charged ion of mass m/2. A photographic record is made of the

Fig. 3

The de


flection of positively charged particles by a magnetic

field. The direction of the field is down, perpendicular to the plane of

the diagram.

Fig. 4

Parabolas obtained with Thomson’s positive ray apparatus.

The ratio of the masses of the particles for the two parabolas is given by

m

1

/m



2

= (Y



2

Y

2

Ј/Y



1

Y

1

Ј)

2

. The parabolas with negative y are obtained by

reversing the magnetic 

field.

 

 



 

J. Chem. Soc., Dalton Trans., 1998, 3893–3899

3895

traces. If the mass is known for one of the parabolas, measure-

ments of the y values at constant x give the values of all the

other masses. The axis Ox is not marked on the photograph.

The magnetic 

field is therefore reversed for the second half of

the exposure, which puts the pattern in the 

Ϫy region and

allows the y values to be measured.

When Aston arrived at the Cavendish Laboratory in 1909

Thomson’s positive ray apparatus was already working. With

his assistance the apparatus was greatly improved, and by 1912

parabolas corresponding to mass di

fferences of 10% could be

resolved. In November of that year some gas containing neon

was analysed. The photograph, Fig. 5, showed a strong

parabola corresponding to a mass of 20 (on the scale oxygen

=

16) and a much weaker one at a mass of 22.



8

 Various possi-

bilities for the 22 parabola were considered. One was that it was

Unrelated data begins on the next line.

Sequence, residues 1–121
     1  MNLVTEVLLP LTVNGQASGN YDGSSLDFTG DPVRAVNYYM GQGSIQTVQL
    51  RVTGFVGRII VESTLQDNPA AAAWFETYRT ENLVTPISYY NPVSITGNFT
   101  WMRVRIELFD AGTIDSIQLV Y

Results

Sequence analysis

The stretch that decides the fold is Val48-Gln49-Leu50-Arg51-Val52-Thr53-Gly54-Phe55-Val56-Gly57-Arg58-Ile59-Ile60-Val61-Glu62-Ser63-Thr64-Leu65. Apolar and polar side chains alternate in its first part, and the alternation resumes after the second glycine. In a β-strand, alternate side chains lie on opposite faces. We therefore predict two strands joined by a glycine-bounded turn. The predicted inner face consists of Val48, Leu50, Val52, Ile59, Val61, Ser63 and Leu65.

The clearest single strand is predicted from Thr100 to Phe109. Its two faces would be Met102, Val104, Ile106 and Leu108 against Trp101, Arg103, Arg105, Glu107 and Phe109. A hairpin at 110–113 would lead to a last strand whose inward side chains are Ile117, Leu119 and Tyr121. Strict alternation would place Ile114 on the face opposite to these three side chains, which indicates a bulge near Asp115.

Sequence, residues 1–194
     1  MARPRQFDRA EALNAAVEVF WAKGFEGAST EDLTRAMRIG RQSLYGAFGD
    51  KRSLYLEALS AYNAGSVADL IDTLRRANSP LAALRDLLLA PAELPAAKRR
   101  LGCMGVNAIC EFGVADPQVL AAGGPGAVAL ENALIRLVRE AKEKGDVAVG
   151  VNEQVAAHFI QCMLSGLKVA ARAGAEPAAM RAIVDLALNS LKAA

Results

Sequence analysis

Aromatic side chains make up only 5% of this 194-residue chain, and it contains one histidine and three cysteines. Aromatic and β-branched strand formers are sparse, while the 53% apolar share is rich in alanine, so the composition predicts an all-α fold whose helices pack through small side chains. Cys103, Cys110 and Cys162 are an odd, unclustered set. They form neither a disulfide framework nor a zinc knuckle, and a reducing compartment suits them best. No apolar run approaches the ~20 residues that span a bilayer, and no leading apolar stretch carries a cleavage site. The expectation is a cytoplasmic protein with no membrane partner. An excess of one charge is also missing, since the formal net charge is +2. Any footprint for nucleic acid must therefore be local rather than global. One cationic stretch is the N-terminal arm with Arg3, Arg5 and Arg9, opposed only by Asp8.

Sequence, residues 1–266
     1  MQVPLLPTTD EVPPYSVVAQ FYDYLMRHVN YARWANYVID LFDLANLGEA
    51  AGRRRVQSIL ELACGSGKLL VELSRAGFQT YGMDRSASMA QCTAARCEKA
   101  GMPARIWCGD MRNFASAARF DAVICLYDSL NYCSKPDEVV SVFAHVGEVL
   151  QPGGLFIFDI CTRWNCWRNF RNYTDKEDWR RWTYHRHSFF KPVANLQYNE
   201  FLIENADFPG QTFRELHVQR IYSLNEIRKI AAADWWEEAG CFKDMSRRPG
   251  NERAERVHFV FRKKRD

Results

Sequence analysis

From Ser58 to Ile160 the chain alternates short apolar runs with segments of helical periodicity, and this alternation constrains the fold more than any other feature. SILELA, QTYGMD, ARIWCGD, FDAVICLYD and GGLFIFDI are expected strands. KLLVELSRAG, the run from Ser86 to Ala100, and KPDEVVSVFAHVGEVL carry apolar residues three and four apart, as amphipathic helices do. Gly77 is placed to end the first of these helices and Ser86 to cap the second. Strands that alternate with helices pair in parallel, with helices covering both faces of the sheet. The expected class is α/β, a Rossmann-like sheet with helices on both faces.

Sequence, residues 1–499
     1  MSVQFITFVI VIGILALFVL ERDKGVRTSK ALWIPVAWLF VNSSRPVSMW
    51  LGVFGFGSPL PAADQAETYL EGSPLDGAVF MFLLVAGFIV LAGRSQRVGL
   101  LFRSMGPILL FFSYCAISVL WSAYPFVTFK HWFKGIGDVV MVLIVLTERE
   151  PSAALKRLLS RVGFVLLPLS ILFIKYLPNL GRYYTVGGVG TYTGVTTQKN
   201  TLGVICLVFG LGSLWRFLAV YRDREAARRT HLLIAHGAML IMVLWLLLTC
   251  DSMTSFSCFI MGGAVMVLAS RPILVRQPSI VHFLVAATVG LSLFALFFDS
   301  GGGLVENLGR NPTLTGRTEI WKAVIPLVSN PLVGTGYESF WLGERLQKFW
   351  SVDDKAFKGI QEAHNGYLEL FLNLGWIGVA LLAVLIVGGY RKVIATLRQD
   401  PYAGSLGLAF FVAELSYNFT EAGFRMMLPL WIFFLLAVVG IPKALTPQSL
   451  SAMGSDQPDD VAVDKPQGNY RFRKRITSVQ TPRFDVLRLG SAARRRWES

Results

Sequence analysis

due to doubly charged CO



2

. However, when the gas was passed

through liquid air, the parabola at 44, due to singly charged

CO

2

, disappeared, while the one at 22 was not a

ffected. Another

speculation was that the 22 trace was due to a compound

NeH


2

.

From density measurements the atomic weight of neon was



known to be 20.2. So the novel, and at the time revolutionary,

suggestion was made that neon could exist in two forms, which

were isotopes, just like the isotopes suggested by Soddy in

radioactive elements. If the isotope of mass 20 was 9 times

more abundant than the one of mass 22, that would give the

measured atomic weight of 20.2. In other words, neon did not

consist of identical atoms of mass 20.2, but of two di

fferent


atoms of mass 20 and 22, in line with Prout’s hypothesis.

Aston set to work to see if he could separate the two con-

stituents of neon. He 

first tried fractional distillation, but with-

out success. He then tried di

ffusion through fine pores, using

clay tobacco pipes, and after much labour obtained a small

e

ffect.



9

 Then, in his own words ‘the whole of the lightest

fraction was lost by a most unfortunate accident’. (It is said that